“Workers are also intimidated through the use of death threats, attacks, disappearances, black lists, arrests, dismissals for organizing and widespread contract labor arrangements which limit collective bargaining rights. Only 1.2% of workers in Colombia are covered by a collective bargaining agreement and the rate has been declining over the years as workers see the danger in organizing. Paramilitary groups such as the AUC (United Self Defense Forces of Colombia), which is considered a terrorist organization by the U.S. government, are responsible for the majority of the violence targeting trade unions. There is also a pervasive culture of impunity for crimes targeting unions. The ITUC estimates that over 99 percent of the cases were unpunished and/or not investigated and not a single person/organization to order a labor homicide has ever been convicted”.

The words of Tarciscio Mora, director of Colombia’s Confederation of Workers, might help explain the reality that trade unionists experience in the Colombia of 2012 for those who might be tempted to suggest that times have changed and that the new Santos’ administration of which Garzón is a senior member is qualitatively different from the previous administration of ex-President and right-wing paramilitary associate Álvaro Uribe Vélez.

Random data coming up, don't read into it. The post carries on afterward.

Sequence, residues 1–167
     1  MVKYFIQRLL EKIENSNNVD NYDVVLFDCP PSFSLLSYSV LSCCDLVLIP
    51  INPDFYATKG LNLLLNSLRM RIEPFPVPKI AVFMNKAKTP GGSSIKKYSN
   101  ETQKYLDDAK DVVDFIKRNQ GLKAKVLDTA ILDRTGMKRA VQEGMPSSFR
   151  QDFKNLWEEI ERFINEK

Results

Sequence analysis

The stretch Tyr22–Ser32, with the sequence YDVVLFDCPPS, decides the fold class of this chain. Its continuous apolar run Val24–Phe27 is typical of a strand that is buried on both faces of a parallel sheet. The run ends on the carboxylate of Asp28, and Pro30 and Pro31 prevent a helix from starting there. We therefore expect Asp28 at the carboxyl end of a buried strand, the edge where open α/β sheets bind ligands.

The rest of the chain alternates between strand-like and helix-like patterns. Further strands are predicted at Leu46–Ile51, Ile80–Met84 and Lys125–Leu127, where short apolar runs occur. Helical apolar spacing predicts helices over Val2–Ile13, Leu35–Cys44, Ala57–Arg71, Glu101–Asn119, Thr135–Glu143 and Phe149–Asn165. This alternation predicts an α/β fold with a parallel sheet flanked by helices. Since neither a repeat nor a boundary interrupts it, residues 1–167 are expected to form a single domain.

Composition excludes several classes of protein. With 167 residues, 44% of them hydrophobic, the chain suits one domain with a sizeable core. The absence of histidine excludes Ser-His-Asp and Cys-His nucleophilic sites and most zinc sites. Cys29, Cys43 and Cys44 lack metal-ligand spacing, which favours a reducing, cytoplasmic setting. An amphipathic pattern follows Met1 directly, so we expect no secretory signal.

Protest against Colombian Vice-President Angelino GarzónMora is categorical in his assertion that today in Colombia “trade unionists are still being killed” and therefore the candidature of Garzón for ILO director-general is inappropriate. Indeed the latest trade unionist to be murdered in Colombia died on Thursday January 19th. Mauricio Arrendondo of the USO petroleum workers’ trade union and his wife, Janeth Ordoñez Carlosama, were murdered at home by two gunmen. Their murders followed on from deaths threats issued against USO activists in December by right-wing paramilitary death squads.

In a statement released by the USO in the aftermath of the murders the union stated: “We blame this on Colombian State and Ecopetrol for their negligence and slow action in preventing aggression and attempts against our union. We are asking human rights organizations and trade unions both national and international to reject these crimes, and we ask the national government and Ecopetrol to answer for the security of USO members.”

Speaking at the protest éirígí spokesperson Daithí Mac an Mháistir said, “The fact of the matter is that the Colombian economic and political system is anathema to the rights of the overwhelming majority of Colombians. The wholesale, relentless and unimpeded slaughter of those who would seek to organise in defence of the rights of the Colombian working class bears testament to the nature of the Colombian state.

“For Angelino Garzón to be elected head of the ILO would be to profane the memory of the thousands of dead trade unionists whose blood has flowed in the streets of Colombia for no reason other than that of securing the continued accumulation of profits and power for that country’s oligarchy, of which Garzón is a member. On behalf of éirígí I would like to take this opportunity to extend solidarity to the workers and trade unionists of Colombia, and in particular to the families of Mauricio Arrendondo and Janeth Ordoñez Carlosama at this time of great sorrow for them.”